Aurora Magazine

Promoting excellence in advertising

Walking on eggshells

Published in May-Jun 2016

The consequences of the Cybercrime Bill on digital agencies.

For the past few months, digital rights, freedom of internet, and an open internet have been the main points on the agenda of freedom of expression activists in Pakistan. Open minded and liberal folks are also disturbed by the possibility of having their only outlet for expression taken away. Much buzz and chatter has come about since the proposal and then the passing of the Cybercrime Bill 2015 by the National Assembly Standing Committee.

As an individual, or let me say a responsible individual with no malicious intent to steal, damage, threaten, forge, temper or gain unauthorised access to anything on the internet, I support laws against irresponsible and malicious minded individuals. However, this is not the place to share my personal thoughts. I can do that on my own social profile. Well, at least hopefully for sometime.

Instead, I have been viewing this bill from the lens of a digital media marketer and as the head of an agency working with many different brands and products. Before we go into this, it would be beneficial to talk about the importance of content. The expression ‘Content is King’, holds true on any medium. However, content is truly the king on the internet be it on social platforms, blogs, reviews and media which is not controlled and/or regulated.

For the digital marketing industry and for the content makers, this bill poses a few challenges that can directly affect the way brands and agencies will take their communications forward.

Let’s start with the most obvious issue and one that has been identified by pretty much every other publication from to Tribune and DAWN blogs. The term ‘malicious intent’ used throughout the document is a very vaguely defined term. There is no detailed explanation of what can be considered malicious and what can not. Keeping this in mind, it becomes very easy to paint any action or piece of content as malicious. Let’s see how this can affect digital communication, in no particular order.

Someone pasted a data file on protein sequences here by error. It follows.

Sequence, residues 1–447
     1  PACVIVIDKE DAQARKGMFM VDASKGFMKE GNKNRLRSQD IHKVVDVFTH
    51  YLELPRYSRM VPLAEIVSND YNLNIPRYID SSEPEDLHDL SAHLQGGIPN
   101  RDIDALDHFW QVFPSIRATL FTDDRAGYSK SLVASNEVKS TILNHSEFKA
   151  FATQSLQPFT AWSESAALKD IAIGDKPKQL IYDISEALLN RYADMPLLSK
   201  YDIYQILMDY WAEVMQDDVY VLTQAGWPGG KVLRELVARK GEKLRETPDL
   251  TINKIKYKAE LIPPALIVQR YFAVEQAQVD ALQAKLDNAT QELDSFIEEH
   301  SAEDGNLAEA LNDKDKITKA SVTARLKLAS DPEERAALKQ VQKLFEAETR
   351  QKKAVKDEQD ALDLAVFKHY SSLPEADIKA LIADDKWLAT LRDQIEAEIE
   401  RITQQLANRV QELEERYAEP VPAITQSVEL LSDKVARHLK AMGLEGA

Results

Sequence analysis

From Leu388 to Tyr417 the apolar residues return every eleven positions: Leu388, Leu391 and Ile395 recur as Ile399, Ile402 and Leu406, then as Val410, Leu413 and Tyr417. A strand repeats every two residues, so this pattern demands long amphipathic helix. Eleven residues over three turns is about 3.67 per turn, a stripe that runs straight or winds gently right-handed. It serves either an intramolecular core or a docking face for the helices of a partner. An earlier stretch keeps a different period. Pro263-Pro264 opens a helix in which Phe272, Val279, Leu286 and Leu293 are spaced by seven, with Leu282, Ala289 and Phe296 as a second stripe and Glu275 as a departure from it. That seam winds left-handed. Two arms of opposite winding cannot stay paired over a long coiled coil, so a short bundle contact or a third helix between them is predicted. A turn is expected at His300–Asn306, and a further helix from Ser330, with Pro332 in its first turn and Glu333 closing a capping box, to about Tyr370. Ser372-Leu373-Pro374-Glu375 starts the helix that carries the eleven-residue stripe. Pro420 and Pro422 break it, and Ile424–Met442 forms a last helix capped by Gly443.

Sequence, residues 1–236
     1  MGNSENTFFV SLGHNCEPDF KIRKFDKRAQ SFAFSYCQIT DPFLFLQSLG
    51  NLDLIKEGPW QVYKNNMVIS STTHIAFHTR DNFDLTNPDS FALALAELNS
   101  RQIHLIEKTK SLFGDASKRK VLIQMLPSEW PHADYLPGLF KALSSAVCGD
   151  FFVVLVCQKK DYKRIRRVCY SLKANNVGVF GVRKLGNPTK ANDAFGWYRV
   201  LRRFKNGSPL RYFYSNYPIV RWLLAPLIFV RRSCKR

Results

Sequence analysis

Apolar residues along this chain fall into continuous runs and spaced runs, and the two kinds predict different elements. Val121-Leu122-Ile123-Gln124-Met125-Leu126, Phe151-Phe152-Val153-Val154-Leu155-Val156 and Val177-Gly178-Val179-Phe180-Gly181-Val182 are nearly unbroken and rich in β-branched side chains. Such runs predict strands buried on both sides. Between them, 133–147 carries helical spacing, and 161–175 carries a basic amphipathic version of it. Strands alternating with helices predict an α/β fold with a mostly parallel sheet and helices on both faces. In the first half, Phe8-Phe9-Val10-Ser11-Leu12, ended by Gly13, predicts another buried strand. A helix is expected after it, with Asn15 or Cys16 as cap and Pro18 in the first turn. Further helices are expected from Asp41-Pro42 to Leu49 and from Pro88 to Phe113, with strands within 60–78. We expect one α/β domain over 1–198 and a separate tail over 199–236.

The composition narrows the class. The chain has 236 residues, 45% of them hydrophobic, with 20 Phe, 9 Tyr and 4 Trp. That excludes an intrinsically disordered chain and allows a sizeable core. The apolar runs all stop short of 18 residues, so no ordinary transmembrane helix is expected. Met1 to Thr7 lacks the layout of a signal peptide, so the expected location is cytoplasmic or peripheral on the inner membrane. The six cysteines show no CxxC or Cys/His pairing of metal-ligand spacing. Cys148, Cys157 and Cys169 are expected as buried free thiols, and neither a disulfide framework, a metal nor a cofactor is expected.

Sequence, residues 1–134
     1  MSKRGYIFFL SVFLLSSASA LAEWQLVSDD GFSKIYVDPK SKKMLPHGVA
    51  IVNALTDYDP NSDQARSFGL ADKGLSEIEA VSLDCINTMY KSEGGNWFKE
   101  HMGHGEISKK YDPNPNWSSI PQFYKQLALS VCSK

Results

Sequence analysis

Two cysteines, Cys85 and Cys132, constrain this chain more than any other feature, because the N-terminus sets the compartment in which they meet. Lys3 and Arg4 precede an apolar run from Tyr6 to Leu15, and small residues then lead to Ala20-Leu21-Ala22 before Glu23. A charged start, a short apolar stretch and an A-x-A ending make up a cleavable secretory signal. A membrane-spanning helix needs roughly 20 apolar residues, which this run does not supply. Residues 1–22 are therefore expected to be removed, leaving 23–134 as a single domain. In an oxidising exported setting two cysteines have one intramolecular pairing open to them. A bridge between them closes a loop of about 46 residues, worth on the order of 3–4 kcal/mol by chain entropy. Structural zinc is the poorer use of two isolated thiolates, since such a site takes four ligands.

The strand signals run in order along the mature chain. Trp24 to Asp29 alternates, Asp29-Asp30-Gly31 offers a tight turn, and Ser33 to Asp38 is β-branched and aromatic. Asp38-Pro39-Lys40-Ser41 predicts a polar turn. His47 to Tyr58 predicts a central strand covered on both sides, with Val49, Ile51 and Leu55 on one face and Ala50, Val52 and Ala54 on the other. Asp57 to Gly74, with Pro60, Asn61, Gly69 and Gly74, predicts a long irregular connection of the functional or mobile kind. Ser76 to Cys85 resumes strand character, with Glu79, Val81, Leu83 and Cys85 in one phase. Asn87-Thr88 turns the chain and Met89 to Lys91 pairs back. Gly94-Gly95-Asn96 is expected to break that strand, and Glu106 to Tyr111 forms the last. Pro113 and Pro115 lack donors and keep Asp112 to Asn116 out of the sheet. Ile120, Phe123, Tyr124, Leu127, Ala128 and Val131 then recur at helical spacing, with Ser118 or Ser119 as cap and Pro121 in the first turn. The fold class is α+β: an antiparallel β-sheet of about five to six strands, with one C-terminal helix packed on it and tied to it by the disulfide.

For the digital marketing industry and for the content makers, this Bill poses a few challenges that can directly affect the way brands and agencies will take their communications forward.

1.) Good advertising and marketing is about how quickly a brand jumps on trends, participates in current affairs or exploits the failure of the competition. To do so successfully, digital agencies are expected to constantly listen and traverse the social media platforms, create relevant content, connect it to the brand’s tone and get it out there. The concept of brand wars is all about being funny, witty and on point. However, with the above-mentioned definition, or lack of it, content producers will have to walk on eggshells paralysed by the fear of being penalised. This leaves very little room for creativity.

2.) The concept of digital PR, paid or organic, is to activate influencers, key opinion leaders and celebrities to speak about a brand, with the space to use their own creative sense. This can potentially create a situation where individuals may find themselves in a spot, losing their liberty to express themselves freely.

3.) What will happen to the marketing and advertising groups on Facebook? We need to realise that forums such as Advertistan, KAMN and others are there for free expression and full on bashing of brand communications. As Brand X or Director X or Agency X, I can basically file at least 100 cases a week for defamation and injury to reputation. (Okay this may not be so bad as it may put a stop to the senseless blabber, but that is just my opinion.)

4.) Oh and memes! Imagine Facebook without any funny content or memes making fun of politicians, brands, celebrities and the media. How bland will that be? Recently, I went through a post on ‘If Pakistani brands had honest taglines.’ I thoroughly enjoyed it and I would like to give them a pat on the back for such funny content. Will this type of content fall into the no-go category?

5.) Section 25 touches on the authority to block websites based on immoral, indecent content. This is going to be by far the biggest disaster in terms of digital media buying. We don’t know what is considered immoral; more than half the nation can find almost anything immoral or indecent and there basically will be very little room to run relevant digital media campaigns. Be it blogs, online publications or entertainment content sites, it is important for brands to be seen where their target audience is. It won’t be cool for media managers to learn about a site shutting down, mid-campaign.

6.) Spamming. Yes, please! I truly believe this clause is very good. It is time that spamming through annoying text messages stops. No matter how you feel, unwanted messages are not cool.

Overall, there are many clauses that, if implemented, can improve Pakistan’s online society. Threats, bullying, stalking, cyber terrorism, forgery and so on need to be part of the law and with well defined penalties. This said, it is very important that the Bill is defined in further detail and be free of ambiguity and vagueness. As a digital media marketer, there should be a certain level of freedom to create content, in good taste, which can increase my brand’s reach, engagement and shareability.

Azam Jalal Khan is COO, Digitz.